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DirecTV DSL customers get reprieve

The company's high-speed Internet customers are getting an extra two weeks to find a new Net connection, but the company says their time is running out.

DirecTV's high-speed Internet customers are getting an extra two weeks to find a new Net connection, but the company says their time is running out.

The broadband ISP (Internet service provider) originally planned to turn off service Thursday to any of its 160,000 DSL (digital subscriber line) customers who hadn't found an alternative connection. Only a third of those subscribers actually have canceled service in the month since the company announced it was leaving the broadband business, however.

In e-mails and postal mail sent to the remaining customers this week, the company said it is providing an extra two weeks, but that Jan. 31 will be the drop-dead date.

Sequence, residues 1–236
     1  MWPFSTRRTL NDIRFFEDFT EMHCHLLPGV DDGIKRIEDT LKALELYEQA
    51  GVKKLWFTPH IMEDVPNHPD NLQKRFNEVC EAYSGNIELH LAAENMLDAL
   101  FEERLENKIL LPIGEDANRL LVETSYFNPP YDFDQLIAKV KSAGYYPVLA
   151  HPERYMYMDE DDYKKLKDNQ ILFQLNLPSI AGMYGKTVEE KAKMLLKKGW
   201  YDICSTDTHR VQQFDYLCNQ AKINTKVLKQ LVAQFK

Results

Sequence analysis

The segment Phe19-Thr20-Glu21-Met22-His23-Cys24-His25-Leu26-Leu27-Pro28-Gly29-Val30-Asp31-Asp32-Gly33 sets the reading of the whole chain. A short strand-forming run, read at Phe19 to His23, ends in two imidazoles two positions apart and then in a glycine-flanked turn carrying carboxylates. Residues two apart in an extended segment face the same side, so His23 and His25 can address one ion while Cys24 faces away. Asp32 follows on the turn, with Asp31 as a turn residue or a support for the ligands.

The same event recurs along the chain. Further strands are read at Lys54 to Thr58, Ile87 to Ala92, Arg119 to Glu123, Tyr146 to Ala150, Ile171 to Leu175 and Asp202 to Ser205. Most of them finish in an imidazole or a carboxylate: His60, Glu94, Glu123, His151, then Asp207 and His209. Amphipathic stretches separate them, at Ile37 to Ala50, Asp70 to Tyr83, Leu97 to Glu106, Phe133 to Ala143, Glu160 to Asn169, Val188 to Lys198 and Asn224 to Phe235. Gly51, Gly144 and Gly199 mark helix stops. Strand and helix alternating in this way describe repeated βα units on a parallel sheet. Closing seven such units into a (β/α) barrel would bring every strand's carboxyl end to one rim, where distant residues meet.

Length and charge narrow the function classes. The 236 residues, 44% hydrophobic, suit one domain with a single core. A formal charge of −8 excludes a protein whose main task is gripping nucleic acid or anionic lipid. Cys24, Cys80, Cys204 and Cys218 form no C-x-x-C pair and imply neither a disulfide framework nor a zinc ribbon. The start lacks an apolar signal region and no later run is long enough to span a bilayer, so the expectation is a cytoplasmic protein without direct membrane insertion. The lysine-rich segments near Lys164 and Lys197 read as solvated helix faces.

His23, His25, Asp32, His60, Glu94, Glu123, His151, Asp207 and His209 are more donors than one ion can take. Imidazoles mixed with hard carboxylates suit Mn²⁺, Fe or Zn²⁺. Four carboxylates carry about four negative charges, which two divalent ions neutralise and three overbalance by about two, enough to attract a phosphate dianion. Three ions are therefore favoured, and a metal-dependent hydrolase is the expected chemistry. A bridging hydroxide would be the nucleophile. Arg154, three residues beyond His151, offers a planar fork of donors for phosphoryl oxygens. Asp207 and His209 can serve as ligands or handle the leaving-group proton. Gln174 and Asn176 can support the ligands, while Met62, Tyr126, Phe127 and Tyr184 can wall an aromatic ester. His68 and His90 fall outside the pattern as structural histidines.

"We don't want people to go down hard. We're really trying to avoid that," said Deborah Mesloh, a spokeswoman for DirecTV DSL.

DirecTV DSL, originally an independent ISP called Telocity, was acquired by parent Hughes Electronics in 2001. Over the last several years it has become one of the largest DSL providers not affiliated with a local phone company.

Like other independent DSL companies, however, that has been an expensive proposition. Late last year, following the failure of Hughes' proposed merger with rival satellite company EchoStar, DirecTV's corporate parent decided the money-losing broadband operation was too costly to maintain.

DirecTV DSL has made arrangements with Verizon Communications, SBC Communications and BellSouth to hand off subscribers who want to go to one of those services. In many cases, those companies offer DSL at slightly lower prices than DirecTV had been able to do, Mesloh said.

Previous broadband shutdowns, ranging from NorthPoint Communications' DSL to Excite@Home's cable modem services, have often proven to be awkward and filled with angry customer complaints. Unlike those situations, however, Hughes is not bankrupt and can afford to extend its shutoff date to minimize some of the customer inconvenience.